Not really “surprises”, my friend Ta’Rea Campbell who I met through Georgia, and my husband Graham Rowat, all did a concert of Georgia’s music way back, before Graham and I were even married, so probably 12 or 13 years. We all went up to Goodspeed for five days and worked on a song cycle that became a revue show, and Ta’Rea sang a song she will do on the 18th. To my ears her voice is the one meant for that song, it’s fun to see her singing it 12 years later with all the life experience she’s had since there. Derrick Baskin, whom I also met through Georgia, will be a guest performer too, he’s always a fun guy to have in the room. I love being around him! Jeff Kready also came along because my director, Erin Ortman, knows him. I hadn’t worked with Jeff before but I’ve worked with his wife Nikki Renée Daniels in a concert. Gosh, it’s all concert work (laughs), but this is what performers do when they find time! We have a great group of people, some of whom are pros of Georgia’s music and some who have been singing it for well over a decade. We’re also going to premiere a song she just finished a couple of days ago from a musical she’s working on with Hunter Foster.
You’ve mentioned growing with Ms. Stitt’s music, has it been surreal to go from listening to her songs to actually being in the room when she makes her music?
I know, that actually happened today! We were working on the closing number and she started rewriting right before our eyes. That’s the kind of person she is, she sees something that she can improve and she does it on the spot. That’s one of the things I admire the most about her, she’s so game, she gets the work done. Somebody else might say “I need to sleep on this”, Georgia’s like “nope, I’ll fix this right now”. I have a deep admiration for her as an artist, but also as a person who makes things work out beautifully.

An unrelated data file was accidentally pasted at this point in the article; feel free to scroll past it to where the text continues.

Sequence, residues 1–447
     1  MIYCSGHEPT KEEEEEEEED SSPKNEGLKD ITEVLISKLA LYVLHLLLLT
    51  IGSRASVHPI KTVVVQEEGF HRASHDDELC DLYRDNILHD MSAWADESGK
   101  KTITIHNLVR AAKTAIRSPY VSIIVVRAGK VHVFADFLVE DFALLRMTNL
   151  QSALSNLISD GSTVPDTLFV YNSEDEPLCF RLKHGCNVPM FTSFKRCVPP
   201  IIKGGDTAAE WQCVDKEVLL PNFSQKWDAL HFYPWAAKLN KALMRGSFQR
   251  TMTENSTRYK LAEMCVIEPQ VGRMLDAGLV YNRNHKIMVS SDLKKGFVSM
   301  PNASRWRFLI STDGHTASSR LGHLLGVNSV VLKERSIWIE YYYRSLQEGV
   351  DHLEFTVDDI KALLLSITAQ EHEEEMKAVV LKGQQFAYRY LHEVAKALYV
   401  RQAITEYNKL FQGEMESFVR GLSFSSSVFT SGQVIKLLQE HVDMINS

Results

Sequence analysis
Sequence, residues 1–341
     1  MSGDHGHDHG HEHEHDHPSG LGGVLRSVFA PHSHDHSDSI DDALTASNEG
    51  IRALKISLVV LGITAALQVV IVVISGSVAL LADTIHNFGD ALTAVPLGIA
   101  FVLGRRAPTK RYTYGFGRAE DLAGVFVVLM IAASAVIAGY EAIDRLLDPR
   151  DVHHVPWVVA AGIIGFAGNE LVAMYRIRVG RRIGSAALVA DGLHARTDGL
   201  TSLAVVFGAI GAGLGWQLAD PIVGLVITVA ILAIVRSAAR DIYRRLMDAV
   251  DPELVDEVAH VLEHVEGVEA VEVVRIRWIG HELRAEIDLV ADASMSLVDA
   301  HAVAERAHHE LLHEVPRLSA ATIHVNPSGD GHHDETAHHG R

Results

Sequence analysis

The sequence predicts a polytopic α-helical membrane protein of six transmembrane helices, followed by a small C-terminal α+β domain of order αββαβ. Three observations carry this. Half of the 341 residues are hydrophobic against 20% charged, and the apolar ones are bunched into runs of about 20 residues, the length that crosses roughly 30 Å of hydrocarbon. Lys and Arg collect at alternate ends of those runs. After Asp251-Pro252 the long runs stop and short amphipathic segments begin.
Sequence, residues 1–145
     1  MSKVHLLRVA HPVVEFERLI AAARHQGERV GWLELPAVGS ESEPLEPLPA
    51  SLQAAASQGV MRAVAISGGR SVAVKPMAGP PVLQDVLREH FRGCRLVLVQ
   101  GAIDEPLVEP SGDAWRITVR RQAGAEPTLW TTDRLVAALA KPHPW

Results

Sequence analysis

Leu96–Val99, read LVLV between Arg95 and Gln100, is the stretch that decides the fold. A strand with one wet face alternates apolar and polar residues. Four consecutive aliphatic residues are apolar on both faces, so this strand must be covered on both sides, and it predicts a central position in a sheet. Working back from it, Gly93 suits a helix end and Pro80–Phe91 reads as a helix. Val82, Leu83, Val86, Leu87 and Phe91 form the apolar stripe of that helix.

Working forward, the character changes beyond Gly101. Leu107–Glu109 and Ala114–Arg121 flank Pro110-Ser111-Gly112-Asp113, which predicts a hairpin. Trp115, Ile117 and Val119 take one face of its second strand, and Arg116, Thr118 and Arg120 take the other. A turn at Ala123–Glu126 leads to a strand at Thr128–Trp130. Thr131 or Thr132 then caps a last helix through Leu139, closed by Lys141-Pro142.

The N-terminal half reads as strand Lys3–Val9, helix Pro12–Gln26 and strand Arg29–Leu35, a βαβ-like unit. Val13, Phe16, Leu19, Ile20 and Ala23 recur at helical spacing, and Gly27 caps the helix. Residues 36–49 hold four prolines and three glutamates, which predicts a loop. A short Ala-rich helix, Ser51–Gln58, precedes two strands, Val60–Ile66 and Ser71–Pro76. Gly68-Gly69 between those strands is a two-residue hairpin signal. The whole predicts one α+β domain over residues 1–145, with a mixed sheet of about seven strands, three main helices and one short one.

You sang “More of My Mother” in one of Ms. Stitt's albums. I’m not sure if you were a mother when you recorded it, but has the song changed meaning for you?
I didn’t have my son at that time, it’s a song about her and her experience with her mother, and when she became a mother the first time. I think one of the first songs Georgia ever gave me to sing was called “The Baby Song” and it was about a woman who gets pregnant and loses her baby. I won’t be singing it at the show, although it’s a beautiful song, I’ve kinda shied away from songs about motherhood whether the perspective is being a mother or a daughter. I don’t know why, I guess I wanted to try material of Georgia’s I’ve heard other people sing, for lack of better words I wanted to “try on” songs. I’d describe our setlist as primarily made of art songs and pop-infused, musical theatre storytelling songs, which show her range. She can also be a romantic and I love her ballads, I wanted to show all the things that she can do, I wanted the audience to see how versatile she is.